The photovoltaic panels produce all the energy needed for the 2,662-square-foot home, as well as for two electric/hybrid vehicles. Instead of a traditional lawn, the landscaping includes native plants, and is irrigated in part by eight rain barrels. The driveway is made of permeable concrete.

Salvaging and sourcing to reduce waste

The Owenses were careful to salvage as much as possible from their previous home. All workable fixtures, appliances and other materials were saved and passed on to other community organizations for reuse, including Habitat for Humanity of Pulaski County, and the Ferncliff Camp and Conference Center, which used the sod from the yard for its new Nature Preschool.

The vintage brick used in building the new home was salvaged from the former historic Prescott Hardware Company building in southwest Arkansas. The home also incorporates recycled glass countertops and light fixtures that are either vintage or made from upcycled materials. Advanced framing techniques were used to reduce the amount of lumber needed for construction.

LEED Platinum Owen Residence

Prioritizing IEQ and energy efficiency

Indoor environmental quality LEED credits required work to attain, says Owen, because Wingfield had to closely monitor the relevant products to make sure that all of them were either low-VOC or low-emitting.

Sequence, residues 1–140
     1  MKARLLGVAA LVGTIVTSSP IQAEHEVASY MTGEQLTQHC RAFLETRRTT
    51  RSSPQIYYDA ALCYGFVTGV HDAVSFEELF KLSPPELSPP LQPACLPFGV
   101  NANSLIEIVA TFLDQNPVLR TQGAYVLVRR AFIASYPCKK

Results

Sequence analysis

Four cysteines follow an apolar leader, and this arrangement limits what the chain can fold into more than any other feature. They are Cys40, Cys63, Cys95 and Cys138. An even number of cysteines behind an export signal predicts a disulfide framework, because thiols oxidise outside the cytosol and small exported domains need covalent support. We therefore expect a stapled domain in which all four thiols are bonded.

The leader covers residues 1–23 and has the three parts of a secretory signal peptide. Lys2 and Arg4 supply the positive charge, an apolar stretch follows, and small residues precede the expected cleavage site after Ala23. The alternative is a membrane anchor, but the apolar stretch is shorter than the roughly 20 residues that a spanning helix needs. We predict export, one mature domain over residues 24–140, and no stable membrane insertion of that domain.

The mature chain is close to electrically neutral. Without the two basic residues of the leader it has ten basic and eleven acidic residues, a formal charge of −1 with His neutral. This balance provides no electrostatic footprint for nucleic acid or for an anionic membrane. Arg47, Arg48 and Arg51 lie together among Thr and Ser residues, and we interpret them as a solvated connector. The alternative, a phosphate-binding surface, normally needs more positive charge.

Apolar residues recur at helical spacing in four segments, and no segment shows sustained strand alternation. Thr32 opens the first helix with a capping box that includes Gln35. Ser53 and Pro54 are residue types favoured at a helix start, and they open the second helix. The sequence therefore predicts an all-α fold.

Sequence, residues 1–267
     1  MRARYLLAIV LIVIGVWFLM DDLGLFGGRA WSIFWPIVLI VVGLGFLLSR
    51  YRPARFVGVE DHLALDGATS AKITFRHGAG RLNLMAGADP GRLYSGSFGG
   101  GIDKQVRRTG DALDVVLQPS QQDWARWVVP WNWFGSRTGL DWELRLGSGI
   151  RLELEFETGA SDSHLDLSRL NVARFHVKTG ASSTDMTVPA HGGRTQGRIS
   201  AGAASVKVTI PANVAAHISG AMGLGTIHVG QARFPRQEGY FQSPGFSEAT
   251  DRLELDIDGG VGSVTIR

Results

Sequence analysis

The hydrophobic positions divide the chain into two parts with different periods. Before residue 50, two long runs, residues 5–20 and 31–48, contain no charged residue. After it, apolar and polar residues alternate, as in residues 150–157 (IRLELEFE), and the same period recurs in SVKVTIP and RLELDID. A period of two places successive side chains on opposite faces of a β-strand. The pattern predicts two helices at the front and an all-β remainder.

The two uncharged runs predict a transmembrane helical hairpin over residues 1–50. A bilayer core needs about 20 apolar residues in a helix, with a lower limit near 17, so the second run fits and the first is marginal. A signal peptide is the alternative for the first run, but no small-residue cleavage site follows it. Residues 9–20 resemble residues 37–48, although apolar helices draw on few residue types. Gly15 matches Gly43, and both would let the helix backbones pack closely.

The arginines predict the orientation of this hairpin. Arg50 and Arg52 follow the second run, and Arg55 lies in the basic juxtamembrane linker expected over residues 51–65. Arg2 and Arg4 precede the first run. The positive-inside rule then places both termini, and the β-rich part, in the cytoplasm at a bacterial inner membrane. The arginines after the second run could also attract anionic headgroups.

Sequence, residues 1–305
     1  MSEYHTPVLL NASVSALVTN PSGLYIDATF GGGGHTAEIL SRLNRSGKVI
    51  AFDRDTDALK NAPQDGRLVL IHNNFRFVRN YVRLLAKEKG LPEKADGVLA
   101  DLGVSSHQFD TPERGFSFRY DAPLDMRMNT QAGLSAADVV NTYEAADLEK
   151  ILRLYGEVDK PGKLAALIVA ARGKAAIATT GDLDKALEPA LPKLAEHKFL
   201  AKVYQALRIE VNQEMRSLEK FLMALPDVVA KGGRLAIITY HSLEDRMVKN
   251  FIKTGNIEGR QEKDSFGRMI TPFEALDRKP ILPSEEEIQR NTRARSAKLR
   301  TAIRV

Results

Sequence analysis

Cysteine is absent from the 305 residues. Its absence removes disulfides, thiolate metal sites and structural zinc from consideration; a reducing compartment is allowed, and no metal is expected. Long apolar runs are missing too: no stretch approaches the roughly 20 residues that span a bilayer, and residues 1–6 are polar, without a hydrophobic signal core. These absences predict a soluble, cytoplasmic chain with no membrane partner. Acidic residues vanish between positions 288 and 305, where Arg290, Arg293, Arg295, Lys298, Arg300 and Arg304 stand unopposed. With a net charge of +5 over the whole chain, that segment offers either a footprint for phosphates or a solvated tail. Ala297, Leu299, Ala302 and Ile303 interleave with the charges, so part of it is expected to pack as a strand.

In addition, "he made sure our duct system was well planned and balanced to allow for proper air flow," says Owen. "We used a different kind of air cycler called an Air King that allowed us to bring in fresh air as needed, but to lock out the extremes of temperature and humidity."

To help achieve the team's energy efficiency goals, the insulation chosen for the attic and the walls was open cell spray foam, with an R-value of 15 in the walls and 38 in the attic. The crawl space walls also have closed cell spray foam insulation, with an R-value of 7.

LEED Platinum Owen Residence

Who made it happen: The Owen Residence team


Ann and Rick Owen


Herron Horton Architects


River Rock Builders

General contractor

Keith and Patty Wingfield, River Rock Builders, LLC

Suppliers and other providers

Ace Glass, Advanced Bath and Kitchen, Antique Brick & Block, Counterstones, Delta Faucets and Fixtures, Glass Recycled Surfaces, Hunter Douglas, Inside Effects, Little Rock Land Design, Louisiana Pacific, Lumber One Home Center, Metro Appliances, Moody Cabinets, Plumbing Warehouse, Pro Source Flooring, The Sherwin-Williams Company, Stellar Sun, TEC Lighting, Vetrazzo, Windsor Windows and Doors

*Bold text indicates USGBC members.

Common goals lead to an uncommon achievement

For those seeking to build a home to LEED standards, Ann Owens advises that "finding an architect and builder that is as passionate as you are about sustainability is really the key to ensuring that you will achieve your green building goals."

Next most important, she says, is to have your builder establish a solid energy plan. The Owenses' builder made efficiency and independence a priority—and the home's LEED Platinum status reflects the whole team's commitment to high standards in sustainability.

Learn more about LEED v4.1 for Residential